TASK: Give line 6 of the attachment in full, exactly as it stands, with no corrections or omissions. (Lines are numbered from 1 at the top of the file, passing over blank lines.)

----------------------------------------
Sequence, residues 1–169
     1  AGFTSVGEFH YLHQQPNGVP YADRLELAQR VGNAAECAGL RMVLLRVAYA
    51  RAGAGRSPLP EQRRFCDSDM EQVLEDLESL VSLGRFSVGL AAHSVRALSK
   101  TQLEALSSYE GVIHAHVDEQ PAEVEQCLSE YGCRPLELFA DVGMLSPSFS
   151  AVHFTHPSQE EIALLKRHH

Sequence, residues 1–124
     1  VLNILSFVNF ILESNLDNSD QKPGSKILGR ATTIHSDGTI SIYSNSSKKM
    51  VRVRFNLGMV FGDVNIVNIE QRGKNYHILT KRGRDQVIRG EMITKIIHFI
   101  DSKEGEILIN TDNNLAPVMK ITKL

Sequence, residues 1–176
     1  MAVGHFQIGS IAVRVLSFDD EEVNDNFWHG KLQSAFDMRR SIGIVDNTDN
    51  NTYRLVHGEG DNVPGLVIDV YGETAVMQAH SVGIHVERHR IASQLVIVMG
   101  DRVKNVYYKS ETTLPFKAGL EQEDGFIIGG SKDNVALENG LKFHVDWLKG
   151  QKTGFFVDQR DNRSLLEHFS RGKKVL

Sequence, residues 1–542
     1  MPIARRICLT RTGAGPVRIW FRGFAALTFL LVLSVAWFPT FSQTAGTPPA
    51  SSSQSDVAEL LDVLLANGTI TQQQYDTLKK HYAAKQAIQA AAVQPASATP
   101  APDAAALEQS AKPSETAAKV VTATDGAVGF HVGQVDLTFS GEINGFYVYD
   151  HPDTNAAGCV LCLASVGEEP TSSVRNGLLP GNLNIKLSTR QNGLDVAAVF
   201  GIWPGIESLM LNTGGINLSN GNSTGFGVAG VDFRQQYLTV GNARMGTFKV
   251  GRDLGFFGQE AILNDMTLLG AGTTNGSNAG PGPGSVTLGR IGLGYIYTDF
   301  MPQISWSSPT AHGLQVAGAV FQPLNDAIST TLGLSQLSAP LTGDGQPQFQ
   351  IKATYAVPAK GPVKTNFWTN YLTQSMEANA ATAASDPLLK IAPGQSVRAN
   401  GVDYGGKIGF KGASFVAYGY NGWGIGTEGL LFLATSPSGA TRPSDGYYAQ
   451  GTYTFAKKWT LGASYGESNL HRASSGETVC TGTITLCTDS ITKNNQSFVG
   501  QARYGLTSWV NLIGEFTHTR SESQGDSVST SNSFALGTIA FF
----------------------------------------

Sequence, residues 1–124